Taylor, Eva (1879–1966)

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Taylor, Eva (1879–1966)

British science historian and geographer. Born Eva Germaine Rimington Taylor on June 22, 1879, in High-gate, England; died on July 5, 1966, in Wokingham, England; daughter of Charles Richard Taylor (a solicitor) and Emily Jane (Nelson) Taylor; educated at the Camden School for Girls and the North London Collegiate School for Girls; Royal Holloway College, B.S., 1903, D.Sc., 1929; studied at Oxford University; married; children: three sons (b. 1912, 1915, and 1919).

Selected writings:

Tudor Geography, 1485–1583 (1930); Late Tudor and Early Stuart Geography, 1583–1650 (1934); The Mathematical Practitioners of Tudor and Stuart England (1954); The Haven-Finding Art: a history of navigation from Odysseus to Captain Cook (1956); The Mathematical Practitioners of Hanoverian England (1966).

Eminent historian and geographer Eva Taylor was born in England on June 22, 1879, to solicitor Charles Richard Taylor and Emily Jane Nelson . The youngest of the couple's three children, Eva suffered a childhood deprived of toys and pets after her mother ran away when Eva was only three. She overcame this hardship by developing a love of the natural world, particularly flowers and wild animals, which lasted throughout her lifetime.

Taylor began her education at home and then moved on to the Camden School for Girls and the North London Collegiate School for Girls. A scholarship student, she graduated with honors in chemistry from the Royal Holloway College in 1903, which led to appointments at two different girls' schools as a chemistry teacher. By 1906, Taylor was again a student herself, this time in geography at Oxford University, from which she earned a diploma with distinction. She remained at Oxford as a research assistant to A.J. Herbertson, the head of the geography school, from 1908 to 1910.

Taylor applied her education in geography as a mapmaker and textbook writer in London for the next six years, after which she resumed her teaching career as a lecturer at Clapham Training College for Teachers and at the Froebel Institute. She moved on to a lecturing post at East London College in 1920 and a similar post at Birkbeck College a year later. Birkbeck became her permanent academic home when she was appointed the school's chair of geography a year after earning her doctorate in 1929. A remarkable scholar, Taylor also enjoyed a brilliant reputation as a lecturer during her 15-year career at Birkbeck.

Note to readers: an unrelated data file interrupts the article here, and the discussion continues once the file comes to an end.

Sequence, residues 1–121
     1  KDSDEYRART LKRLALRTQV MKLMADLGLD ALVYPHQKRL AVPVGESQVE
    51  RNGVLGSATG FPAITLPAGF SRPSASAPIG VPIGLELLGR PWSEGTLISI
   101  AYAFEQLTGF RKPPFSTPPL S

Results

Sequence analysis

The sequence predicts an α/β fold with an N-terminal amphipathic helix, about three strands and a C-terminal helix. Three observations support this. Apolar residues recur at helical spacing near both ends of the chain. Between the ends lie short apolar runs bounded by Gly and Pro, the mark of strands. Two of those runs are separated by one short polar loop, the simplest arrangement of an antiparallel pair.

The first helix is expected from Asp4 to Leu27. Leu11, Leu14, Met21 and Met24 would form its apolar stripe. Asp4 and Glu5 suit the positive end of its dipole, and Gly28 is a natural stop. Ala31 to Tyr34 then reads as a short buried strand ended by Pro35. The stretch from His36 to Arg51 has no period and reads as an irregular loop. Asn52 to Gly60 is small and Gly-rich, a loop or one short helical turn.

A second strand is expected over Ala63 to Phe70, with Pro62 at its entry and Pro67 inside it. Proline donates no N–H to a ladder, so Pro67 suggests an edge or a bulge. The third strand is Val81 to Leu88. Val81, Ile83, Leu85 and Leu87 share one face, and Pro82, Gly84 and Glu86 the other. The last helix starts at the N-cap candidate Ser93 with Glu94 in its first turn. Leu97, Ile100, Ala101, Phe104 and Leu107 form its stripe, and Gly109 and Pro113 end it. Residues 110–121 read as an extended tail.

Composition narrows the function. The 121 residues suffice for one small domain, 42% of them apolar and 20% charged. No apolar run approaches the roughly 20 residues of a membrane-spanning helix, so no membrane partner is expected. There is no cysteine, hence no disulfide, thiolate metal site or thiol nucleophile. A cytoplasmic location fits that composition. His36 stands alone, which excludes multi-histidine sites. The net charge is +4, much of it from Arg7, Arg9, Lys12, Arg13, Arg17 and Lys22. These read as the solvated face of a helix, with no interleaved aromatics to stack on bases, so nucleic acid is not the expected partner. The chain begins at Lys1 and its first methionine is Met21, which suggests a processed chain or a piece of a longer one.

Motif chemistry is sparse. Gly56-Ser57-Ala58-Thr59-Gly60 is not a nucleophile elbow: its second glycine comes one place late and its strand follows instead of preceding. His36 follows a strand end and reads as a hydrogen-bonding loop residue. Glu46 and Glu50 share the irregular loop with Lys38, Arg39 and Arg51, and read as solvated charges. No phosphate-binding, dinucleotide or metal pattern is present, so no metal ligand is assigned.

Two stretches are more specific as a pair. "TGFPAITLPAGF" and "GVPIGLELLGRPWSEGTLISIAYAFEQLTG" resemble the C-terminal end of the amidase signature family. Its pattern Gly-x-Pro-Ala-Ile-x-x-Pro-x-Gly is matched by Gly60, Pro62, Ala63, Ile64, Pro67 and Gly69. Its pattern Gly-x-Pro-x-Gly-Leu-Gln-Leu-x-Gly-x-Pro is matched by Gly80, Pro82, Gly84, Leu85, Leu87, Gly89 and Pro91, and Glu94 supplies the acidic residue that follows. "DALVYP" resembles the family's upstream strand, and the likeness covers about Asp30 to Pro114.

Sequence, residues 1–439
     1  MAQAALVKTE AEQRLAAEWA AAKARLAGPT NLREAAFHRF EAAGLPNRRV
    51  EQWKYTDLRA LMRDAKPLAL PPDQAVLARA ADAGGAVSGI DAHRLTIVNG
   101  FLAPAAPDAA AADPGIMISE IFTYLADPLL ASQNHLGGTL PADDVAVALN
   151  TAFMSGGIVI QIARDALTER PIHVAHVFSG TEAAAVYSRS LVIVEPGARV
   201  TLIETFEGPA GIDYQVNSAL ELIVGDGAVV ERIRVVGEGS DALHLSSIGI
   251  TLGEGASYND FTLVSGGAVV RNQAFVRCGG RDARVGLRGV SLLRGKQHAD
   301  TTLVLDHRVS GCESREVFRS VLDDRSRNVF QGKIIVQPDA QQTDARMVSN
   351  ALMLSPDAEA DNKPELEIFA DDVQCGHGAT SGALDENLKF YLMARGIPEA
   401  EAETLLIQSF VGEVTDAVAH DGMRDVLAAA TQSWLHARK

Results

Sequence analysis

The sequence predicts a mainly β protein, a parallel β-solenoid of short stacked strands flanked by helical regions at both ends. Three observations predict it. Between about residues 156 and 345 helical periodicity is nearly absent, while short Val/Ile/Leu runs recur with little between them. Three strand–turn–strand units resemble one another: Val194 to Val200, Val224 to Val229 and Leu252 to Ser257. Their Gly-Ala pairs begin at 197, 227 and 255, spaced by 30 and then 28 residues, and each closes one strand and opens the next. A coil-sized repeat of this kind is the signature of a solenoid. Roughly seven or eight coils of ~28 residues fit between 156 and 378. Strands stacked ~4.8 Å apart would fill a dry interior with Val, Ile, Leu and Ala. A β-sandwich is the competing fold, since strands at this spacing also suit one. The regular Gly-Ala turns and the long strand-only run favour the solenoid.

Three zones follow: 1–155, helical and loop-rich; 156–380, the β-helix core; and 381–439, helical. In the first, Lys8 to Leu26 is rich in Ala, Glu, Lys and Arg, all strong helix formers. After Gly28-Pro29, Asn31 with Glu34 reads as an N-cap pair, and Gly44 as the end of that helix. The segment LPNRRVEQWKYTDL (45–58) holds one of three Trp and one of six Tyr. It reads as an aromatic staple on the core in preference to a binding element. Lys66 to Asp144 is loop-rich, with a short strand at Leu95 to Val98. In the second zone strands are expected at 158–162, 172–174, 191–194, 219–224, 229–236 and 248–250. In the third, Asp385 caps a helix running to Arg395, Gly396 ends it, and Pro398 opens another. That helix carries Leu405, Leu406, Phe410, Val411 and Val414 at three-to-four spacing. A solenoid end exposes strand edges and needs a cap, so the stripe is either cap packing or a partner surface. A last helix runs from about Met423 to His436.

In 1930, she published Tudor Geography, 1485–1583, continuing the study with Late Tudor and Early Stuart Geography, 1583–1650 in 1934. She also lent her leadership skills to committees beyond Birkbeck's walls by chairing the Royal Geographical Society committee on the distribution of the industrial population, and campaigned for the establishment of an atlas of Britain to aid in national and regional planning. She served her country during and immediately after World War II by contributing her expertise in geography to the Association for Planning and Regional Reconstruction. For her efforts, the Royal Geographical Society awarded her the Victoria Medal in 1947. Other organizations with which she was associated were the Hakluyt Society, the Institute of Navigation, the British Association for the Advancement of Science, and the Society of Nautical Research.

Taylor retired from Birkbeck in 1944, was elected one of the first fellows of Birkbeck College in 1960, and received a fellowship from the Royal Geographical Society in 1965. She also continued to publish scholarly works, including two volumes on historical mathematicians and one on navigation, in addition to numerous articles. Although a stroke suffered in 1964 limited her sight and movement, Taylor continued working well into her 80s, dying at Wokingham on July 5, 1966.


The Concise Dictionary of National Biography. Oxford: Oxford University Press, 1992.

Williams, E.T., and C.S. Nicholls, eds. The Dictionary of National Biography, 1961–1970. Oxford: Oxford University Press, 1981.

Karina L. Kerr , M.A., Ypsilanti, Michigan

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